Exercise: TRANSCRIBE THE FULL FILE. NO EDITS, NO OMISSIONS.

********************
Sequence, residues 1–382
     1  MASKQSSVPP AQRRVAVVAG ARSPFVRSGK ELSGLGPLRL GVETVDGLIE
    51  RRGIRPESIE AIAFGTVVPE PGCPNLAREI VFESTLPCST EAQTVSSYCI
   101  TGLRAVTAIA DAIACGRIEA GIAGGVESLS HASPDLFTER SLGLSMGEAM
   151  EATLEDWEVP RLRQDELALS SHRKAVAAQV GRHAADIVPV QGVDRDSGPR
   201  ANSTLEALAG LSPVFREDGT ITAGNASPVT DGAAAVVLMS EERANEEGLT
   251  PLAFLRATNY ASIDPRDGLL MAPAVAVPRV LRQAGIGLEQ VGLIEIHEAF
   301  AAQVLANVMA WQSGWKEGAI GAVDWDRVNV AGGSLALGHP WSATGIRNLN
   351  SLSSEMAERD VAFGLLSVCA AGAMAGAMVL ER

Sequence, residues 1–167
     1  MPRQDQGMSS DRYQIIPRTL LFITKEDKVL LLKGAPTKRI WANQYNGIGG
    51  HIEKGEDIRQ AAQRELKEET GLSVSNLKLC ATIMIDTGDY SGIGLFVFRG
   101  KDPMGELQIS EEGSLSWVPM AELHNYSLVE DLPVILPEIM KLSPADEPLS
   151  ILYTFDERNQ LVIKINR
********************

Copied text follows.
Sequence, residues 1–382
     1  MASKQSSVPP AQRRVAVVAG ARSPFVRSGK ELSGLGPLRL GVETVDGLIE
    51  RRGIRPESIE AIAFGTVVPE PGCPNLAREI VFESTLPCST EAQTVSSYCI
   101  TGLRAVTAIA DAIACGRIEA GIAGGVESLS HASPDLFTER SLGLSMGEAM
   151  EATLEDWEVP RLRQDELALS SHRKAVAAQV GRHAADIVPV QGVDRDSGPR
   201  ANSTLEALAG LSPVFREDGT ITAGNASPVT DGAAAVVLMS EERANEEGLT
   251  PLAFLRATNY ASIDPRDGLL MAPAVAVPRV LRQAGIGLEQ VGLIEIHEAF
   301  AAQVLANVMA WQSGWKEGAI GAVDWDRVNV AGGSLALGHP WSATGIRNLN
   351  SLSSEMAERD VAFGLLSVCA AGAMAGAMVL ER

Sequence, residues 1–167
     1  MPRQDQGMSS DRYQIIPRTL LFITKEDKVL LLKGAPTKRI WANQYNGIGG
    51  HIEKGEDIRQ AAQRELKEET GLSVSNLKLC ATIMIDTGDY SGIGLFVFRG
   101  KDPMGELQIS EEGSLSWVPM AELHNYSLVE DLPVILPEIM KLSPADEPLS
   151  ILYTFDERNQ LVIKINR